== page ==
USC senior Abeer Tijani sent an email to Undergraduate Student Government leadership Friday requesting President Truman Fritz’s immediate resignation following anonymous accusations about Fritz’s racial insensitivity. Following the email, Tijani created a petition asking to impeach Fritz for his actions.

USG announced via an Instagram story that its senators are currently deliberating whether to call for Fritz’s impeachment.

Anonymous students submitted the accusations about Fritz to an Instagram account entitled @black_at_usc. The campaign launched on Thursday night and has over 2,000 followers at the time of writing. This account follows similar Instagram accounts that create spaces for Black students to anonymously share their experiences on their respective campuses. 

Fritz declined to speak to Annenberg Media but posted a statement on his personal Instagram account in which he acknowledged his privilege and apologized for his actions. He urged people to continue to “call [him] out.”

“I am deeply sorry,” Fritz’s statement read. “I recognize that I am a  person of privilege and that I do not have the lived experience of my peers. I benefit from systemic injustice that pervades our world, and I have restrained my efforts to combat that injustice in the past for the sake of the moderate approach to politics.”   

The accusations addressed Fritz’s alleged insensitive language while campaigning for his presidential election, specifically, his tendency to place students of color into one category. Fritz was also accused of seeming unconcerned with issues pertaining to Black students and of making students uncomfortable with “jokes and the use of certain names.”

Several hours after the first accusation, Tijani wrote an email to Fritz, Vice President Rose Ritch, and the USG Senate calling for Fritz and Ritch to step down from their positions.

“I have seen you insert yourself into spaces on campus that are working to dismantle the deeply-rooted racism that seeps into every corner of our campus, and I have also witnessed USG release cosmetic, almost farcical statements of allyship and commitments to do better,” the email read. “You are the face of USG and it is your duty to uphold the mission and values of the organization even - and perhaps especially - when you are ‘off-duty.’”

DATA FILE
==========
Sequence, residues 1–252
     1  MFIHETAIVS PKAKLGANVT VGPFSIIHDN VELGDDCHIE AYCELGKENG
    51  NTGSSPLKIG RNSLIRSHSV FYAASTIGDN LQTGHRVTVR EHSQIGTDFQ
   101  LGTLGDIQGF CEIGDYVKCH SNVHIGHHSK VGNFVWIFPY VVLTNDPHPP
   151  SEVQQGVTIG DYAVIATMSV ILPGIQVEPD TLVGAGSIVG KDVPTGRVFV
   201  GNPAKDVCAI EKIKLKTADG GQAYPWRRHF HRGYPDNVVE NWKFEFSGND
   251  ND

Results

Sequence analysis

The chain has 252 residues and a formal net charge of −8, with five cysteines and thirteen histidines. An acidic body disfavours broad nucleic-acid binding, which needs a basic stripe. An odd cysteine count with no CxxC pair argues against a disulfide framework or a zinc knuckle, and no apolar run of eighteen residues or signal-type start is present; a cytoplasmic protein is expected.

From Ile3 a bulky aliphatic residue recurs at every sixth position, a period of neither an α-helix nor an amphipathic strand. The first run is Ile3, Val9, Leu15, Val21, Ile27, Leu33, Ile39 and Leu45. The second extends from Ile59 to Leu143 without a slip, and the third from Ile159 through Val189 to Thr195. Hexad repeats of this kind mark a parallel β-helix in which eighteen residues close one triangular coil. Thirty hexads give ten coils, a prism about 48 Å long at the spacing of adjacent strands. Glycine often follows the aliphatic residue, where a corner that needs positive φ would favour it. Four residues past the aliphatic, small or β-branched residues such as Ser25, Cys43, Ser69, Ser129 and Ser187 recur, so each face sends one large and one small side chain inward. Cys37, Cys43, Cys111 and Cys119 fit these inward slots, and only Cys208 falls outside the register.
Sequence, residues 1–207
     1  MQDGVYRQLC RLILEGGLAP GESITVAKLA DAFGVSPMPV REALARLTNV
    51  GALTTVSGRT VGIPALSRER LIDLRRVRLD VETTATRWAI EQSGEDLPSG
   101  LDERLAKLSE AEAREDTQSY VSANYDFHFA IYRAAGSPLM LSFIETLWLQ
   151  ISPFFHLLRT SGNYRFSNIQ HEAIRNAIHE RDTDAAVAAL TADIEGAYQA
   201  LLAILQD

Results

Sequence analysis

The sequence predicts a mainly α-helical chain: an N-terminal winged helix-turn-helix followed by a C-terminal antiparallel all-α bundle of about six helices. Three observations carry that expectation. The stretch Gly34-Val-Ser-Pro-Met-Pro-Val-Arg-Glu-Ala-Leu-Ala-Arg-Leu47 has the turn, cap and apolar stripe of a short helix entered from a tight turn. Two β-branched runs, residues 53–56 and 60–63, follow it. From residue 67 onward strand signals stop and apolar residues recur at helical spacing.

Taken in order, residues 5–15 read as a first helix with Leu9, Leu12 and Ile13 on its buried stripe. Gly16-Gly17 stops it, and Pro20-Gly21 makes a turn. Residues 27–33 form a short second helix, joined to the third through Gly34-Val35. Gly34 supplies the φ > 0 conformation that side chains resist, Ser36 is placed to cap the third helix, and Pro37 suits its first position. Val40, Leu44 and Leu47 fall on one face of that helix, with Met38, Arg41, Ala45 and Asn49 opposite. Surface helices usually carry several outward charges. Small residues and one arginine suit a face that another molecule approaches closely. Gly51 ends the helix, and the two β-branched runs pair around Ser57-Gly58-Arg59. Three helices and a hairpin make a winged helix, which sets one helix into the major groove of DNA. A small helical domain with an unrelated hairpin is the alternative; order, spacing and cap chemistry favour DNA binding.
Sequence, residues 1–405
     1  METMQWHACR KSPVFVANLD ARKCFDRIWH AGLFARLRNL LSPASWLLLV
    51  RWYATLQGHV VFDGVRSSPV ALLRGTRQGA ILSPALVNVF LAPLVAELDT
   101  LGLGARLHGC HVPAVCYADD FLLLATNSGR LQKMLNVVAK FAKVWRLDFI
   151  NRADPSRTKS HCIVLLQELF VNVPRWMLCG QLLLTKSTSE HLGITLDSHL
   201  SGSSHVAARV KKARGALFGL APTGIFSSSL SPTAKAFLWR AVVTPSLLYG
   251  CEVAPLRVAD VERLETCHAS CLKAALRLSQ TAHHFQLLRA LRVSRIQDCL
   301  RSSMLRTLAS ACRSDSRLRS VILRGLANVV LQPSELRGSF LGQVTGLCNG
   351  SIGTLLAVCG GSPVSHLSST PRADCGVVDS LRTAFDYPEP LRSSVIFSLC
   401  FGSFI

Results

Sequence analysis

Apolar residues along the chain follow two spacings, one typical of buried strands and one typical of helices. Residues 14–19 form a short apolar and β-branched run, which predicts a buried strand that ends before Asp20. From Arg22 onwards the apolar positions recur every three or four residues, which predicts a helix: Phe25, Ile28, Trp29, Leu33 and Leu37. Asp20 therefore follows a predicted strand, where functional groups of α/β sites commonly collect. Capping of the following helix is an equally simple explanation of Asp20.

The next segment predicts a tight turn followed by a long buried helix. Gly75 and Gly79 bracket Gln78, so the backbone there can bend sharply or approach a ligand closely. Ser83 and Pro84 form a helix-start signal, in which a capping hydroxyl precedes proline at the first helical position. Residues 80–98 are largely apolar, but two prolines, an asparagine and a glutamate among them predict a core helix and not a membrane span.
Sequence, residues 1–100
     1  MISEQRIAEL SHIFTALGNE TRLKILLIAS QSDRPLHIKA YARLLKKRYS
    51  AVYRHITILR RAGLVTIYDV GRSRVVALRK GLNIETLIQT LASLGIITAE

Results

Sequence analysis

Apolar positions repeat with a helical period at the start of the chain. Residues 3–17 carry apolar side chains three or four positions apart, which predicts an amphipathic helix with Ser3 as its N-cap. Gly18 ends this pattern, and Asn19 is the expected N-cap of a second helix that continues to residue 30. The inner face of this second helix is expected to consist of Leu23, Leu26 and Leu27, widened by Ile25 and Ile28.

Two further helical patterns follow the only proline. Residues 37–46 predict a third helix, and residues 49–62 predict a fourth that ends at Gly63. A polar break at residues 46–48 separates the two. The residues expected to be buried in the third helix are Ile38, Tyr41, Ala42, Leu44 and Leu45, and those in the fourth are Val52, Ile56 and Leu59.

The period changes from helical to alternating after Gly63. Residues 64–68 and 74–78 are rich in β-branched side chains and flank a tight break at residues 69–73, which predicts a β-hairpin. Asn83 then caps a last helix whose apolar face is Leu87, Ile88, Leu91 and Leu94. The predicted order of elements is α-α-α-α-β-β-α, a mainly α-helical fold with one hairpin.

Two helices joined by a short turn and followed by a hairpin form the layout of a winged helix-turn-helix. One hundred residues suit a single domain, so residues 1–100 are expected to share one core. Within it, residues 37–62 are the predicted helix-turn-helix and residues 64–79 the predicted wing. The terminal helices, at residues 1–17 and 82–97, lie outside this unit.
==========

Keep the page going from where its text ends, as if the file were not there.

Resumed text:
Tijani said she has had no personal experience with Fritz and did not have a hand in submissions to the Instagram account. She also noted the lack of Black staff members working under Fritz prior to the resurgence of the Black Lives Matter movement.

“I feel vehemently uncomfortable with the idea of you and your running-mate finishing out your term as USG President and Vice President … I am not optimistic that you have the wherewithal to lead our student body into the anti-racist future that we so desperately need and that so many of us are painstakingly fighting for,” she concluded. 

Fritz did not address Tijani’s email or call for resignation. 

In response to the statement, Tijani drafted another email to Fritz, Rose, and the senate addressing points in Fritz’s statement, as well as his failure to adhere to the USG bylaws. 

“To me, this means that you have chosen to protect your privilege under the guise of flowery diction and conciliatory promises to ‘do better,’” she wrote. “Your statement fails to demonstrate that you even know, let alone understand, which of your past actions have caused the damage that you are now so desperately trying to triage.”

In his statement, Fritz “renewed [his] commitment to fight for equity at USC,” announcing his next steps moving forward. Fritz stated that he plans to engage USG in conversations with cultural centers and diverse student organizations about students of colors’ needs, to coordinate educational programs, including a book club, within USG and the Executive Cabinet and to build a coalition of student organizations to support diversity, equity and inclusion initiatives.

Tijani questioned why Fritz should be the one to head an anti-racism book club and dialogues within USG, citing his failure to educate himself on the issues Black students face.

“You should have acknowledged that your brand of leadership is neither necessary nor well-suited for the new value system that we are trying to build and that your attempts to steer this ship and navigate these obstacles have done nothing more than further obscure the root issues and hinder meaningful change,” she wrote.

Tijani specifically cited sections of the USG bylaws she believes Fritz has violated, calling for scrutiny and movement toward impeachment in the USG leadership.

Both emails can be found on Tijani’s Instagram page.

This is not the first backlash Fritz has received since his election. He and Ritch were found guilty of violating the Elections Code by the Elections Commission in February, as well as being forced to review and amend bylaws that increased Fritz and Ritch’s salary by eliminating stipends for assistant directions.

Sophia Ungaro contributed to this report.

Updated June 26, 2020 at 12:04 PM: The story was updated to include quotations and additional details about Fritz’s statement.